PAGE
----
Bubbles on the underside of a hull (simulated). Image Credit: Silverstream Technologies.
Wärtsilä today said it will be collaborating with Silverstream Technologies to add the latter's air lubrication technology as part of its propulsion solution for newbuild vessels.
The deal covers a Licence and Co-operation Agreement for future sales and servicing of the Silverstream System, and aims to help accelerate uptake of the technology across all vessel classes, ranging from small bulk vessels to the largest container ships.
In return, Silverstream customers will get access to Wärtsilä's global service network for the maintenance of their systems.
Air lubrication systems have been available for many years, although uptake has been low amid historically lukewarm industry interest.
Noah Silberschmidt, CEO, Silverstream Technologies
Now is the time for ship owners to take action to reduce their operational costs and their impact on the environment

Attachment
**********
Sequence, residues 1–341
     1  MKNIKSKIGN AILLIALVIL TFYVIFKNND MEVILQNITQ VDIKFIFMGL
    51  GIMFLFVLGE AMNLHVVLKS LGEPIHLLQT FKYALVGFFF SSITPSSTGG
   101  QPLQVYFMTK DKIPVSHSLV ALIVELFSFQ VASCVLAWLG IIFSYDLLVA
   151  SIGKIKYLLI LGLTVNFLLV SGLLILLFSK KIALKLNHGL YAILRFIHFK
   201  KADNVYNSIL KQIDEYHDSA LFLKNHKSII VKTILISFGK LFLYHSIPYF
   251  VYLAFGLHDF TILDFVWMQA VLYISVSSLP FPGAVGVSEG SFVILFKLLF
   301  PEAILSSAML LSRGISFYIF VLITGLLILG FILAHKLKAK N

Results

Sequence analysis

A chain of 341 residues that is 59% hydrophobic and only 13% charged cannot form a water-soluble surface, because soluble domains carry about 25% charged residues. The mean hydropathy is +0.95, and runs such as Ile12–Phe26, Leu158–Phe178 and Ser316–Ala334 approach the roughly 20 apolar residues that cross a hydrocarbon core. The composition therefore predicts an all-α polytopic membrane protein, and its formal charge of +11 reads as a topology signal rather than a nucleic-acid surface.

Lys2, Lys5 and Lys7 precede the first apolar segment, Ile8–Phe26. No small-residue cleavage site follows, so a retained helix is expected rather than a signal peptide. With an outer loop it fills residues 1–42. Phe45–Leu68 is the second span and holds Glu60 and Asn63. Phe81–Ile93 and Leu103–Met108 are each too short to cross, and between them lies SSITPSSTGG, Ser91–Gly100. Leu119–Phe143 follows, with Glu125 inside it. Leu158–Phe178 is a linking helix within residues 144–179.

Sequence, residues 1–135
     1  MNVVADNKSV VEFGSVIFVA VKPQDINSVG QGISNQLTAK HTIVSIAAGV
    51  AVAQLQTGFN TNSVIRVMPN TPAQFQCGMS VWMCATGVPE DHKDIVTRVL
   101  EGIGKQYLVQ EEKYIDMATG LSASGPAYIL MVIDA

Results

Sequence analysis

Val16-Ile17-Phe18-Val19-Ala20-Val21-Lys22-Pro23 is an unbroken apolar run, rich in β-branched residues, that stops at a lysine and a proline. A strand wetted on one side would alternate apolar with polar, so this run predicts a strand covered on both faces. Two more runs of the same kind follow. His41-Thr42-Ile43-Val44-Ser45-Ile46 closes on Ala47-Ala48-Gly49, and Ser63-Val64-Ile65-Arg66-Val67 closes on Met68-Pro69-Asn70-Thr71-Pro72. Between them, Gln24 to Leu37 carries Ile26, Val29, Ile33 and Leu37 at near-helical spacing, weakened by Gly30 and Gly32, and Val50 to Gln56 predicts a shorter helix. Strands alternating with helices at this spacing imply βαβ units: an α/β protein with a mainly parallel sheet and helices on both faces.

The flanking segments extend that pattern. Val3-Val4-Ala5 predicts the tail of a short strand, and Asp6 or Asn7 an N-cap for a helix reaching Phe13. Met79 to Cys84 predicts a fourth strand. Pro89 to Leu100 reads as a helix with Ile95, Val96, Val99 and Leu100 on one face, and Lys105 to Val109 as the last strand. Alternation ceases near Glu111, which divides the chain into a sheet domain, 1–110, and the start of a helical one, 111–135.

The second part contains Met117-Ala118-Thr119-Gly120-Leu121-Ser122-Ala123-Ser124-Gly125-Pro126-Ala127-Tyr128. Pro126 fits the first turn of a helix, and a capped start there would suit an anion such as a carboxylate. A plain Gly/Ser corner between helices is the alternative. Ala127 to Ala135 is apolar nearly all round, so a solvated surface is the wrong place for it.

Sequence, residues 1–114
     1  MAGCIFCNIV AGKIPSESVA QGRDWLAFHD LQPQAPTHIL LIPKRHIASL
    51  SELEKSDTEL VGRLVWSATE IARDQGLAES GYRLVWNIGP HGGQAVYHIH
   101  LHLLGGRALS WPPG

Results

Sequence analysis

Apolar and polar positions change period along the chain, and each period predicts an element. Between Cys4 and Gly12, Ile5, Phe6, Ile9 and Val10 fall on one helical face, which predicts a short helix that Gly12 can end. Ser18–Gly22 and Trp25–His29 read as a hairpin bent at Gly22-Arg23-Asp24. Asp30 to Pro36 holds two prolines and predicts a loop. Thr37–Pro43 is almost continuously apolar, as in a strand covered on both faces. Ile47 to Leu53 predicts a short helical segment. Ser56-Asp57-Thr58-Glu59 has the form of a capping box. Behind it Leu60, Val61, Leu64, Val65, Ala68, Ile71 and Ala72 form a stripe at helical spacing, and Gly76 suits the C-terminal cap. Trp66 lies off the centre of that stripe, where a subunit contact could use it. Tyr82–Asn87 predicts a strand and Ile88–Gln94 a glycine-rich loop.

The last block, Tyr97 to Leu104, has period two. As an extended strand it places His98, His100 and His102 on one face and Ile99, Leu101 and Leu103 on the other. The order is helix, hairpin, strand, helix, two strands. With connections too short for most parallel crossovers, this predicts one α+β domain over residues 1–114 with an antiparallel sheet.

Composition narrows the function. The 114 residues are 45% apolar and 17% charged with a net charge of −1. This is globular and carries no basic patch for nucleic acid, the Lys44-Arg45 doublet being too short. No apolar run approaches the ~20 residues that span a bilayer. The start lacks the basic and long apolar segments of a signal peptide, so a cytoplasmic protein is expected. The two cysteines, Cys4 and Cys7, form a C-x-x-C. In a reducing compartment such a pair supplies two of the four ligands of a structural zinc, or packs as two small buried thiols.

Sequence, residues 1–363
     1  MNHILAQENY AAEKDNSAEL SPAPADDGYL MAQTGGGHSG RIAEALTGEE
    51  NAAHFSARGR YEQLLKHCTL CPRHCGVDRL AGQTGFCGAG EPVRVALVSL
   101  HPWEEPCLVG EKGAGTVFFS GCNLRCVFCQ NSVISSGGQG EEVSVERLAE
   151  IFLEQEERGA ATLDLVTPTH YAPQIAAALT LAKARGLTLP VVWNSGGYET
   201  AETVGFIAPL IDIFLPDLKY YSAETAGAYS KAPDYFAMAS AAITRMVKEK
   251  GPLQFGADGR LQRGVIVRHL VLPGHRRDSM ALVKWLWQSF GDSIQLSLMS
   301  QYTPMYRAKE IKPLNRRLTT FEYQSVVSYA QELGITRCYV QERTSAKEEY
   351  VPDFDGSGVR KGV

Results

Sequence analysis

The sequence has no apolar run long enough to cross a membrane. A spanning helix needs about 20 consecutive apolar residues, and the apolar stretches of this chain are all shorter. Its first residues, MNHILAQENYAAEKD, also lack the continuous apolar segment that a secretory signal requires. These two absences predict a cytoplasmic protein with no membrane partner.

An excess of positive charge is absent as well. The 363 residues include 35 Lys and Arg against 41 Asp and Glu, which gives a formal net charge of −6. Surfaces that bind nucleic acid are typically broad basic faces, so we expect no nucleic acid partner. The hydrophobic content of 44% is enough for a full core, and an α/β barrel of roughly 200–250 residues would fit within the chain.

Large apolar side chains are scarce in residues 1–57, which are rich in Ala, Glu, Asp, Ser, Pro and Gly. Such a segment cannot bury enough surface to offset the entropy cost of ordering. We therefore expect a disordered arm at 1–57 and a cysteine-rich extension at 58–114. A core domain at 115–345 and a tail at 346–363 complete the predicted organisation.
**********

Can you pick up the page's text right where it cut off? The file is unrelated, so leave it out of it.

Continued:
The technology attracted particular attention prior to the expected jump in bunker costs ahead of the 2015 introduction of a 0.10% sulfur cap within ECAs - a cost increase that in the end never actually materialzed.
2015 was also when Silverstream installed its first commercial air lubrication system, but that same year Maersk's trial of similar air lubrication technology failed to produce any real-world savings.
Silverstream's partnership with Wärtsilä's comes at a time when bunker saving tech is very much back in vogue, albeit this time with updated messaging to reflect its ability to reduce GHG emissions.
"With the global sulphur cap almost upon us and decarbonisation targets on the horizon, the commercial case for proven clean technology has never been stronger," Noah Silberschmidt, CEO, Silverstream Technologies, said in a statement today.
"Now is the time for ship owners to take action to reduce their operational costs and their impact on the environment, and today's agreement will help unlock the power of air lubrication technology for more vessels across our sector."
The company says that today its technology can cut bunker burn - along with associated emissions - by 5 to 10% depending on vessel type.